VOLUME 7, No:17 The Scientist September 6, 1993


Science Publishing Is Urgently In Need Of Major Reform


The function of science publishing today is to get information about new findings in science to at least three different communities:

  • Group A, the specialists working in the same field as that in which the findings were made (numbering anywhere from 10 to 1,000 scientists);
  • Group B, the general community of scientists and engineers who, although not in that field, are nevertheless interested in major advances in scientific areas other than their own--advances that may, indirectly or in the long term, be significant to them (probably between 1,000 and 10,000);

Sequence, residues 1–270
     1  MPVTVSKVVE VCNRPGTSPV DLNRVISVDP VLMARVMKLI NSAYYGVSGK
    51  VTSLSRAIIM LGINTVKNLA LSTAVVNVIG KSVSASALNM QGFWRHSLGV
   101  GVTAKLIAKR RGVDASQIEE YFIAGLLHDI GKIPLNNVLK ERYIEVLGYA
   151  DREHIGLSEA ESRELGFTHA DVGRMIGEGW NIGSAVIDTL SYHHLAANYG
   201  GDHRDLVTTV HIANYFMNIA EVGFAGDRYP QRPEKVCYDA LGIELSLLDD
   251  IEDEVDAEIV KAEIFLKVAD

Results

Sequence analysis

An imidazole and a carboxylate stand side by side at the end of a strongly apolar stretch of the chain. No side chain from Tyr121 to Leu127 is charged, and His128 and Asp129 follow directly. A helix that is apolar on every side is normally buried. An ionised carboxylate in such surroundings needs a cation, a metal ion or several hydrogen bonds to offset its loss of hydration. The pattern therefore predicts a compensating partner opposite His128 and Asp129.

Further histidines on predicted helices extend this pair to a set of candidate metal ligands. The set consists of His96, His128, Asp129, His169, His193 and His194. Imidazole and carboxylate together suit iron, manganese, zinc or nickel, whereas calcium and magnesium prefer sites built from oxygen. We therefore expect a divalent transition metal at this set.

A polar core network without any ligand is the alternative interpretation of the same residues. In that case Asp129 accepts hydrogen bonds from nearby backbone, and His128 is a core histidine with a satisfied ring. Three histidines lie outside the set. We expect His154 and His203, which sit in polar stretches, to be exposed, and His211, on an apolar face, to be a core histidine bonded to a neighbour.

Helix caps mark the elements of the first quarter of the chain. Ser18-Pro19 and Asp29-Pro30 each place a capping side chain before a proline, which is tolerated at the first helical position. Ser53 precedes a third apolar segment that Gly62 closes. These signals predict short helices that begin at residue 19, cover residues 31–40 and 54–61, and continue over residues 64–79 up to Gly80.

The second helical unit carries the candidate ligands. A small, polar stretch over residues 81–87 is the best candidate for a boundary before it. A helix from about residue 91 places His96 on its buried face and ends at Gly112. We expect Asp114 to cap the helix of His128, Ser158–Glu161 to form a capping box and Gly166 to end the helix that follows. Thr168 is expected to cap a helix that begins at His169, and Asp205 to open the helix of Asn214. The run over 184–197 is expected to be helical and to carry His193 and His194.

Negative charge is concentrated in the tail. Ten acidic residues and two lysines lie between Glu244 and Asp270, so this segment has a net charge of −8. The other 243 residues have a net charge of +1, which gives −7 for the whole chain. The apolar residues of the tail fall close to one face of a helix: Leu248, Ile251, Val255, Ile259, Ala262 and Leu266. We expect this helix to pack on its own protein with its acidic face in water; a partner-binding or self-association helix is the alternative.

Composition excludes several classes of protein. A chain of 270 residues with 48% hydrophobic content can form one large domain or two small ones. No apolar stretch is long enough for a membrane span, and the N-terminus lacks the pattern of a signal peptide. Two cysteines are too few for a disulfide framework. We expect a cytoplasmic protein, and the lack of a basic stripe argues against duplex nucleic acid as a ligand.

• Group C, the general, attentive public and the policymakers who want or need to know of scientific developments that could have economic or social consequences (10,000-100,000).

    The classic media for science publishing--journals put out by societies and other...

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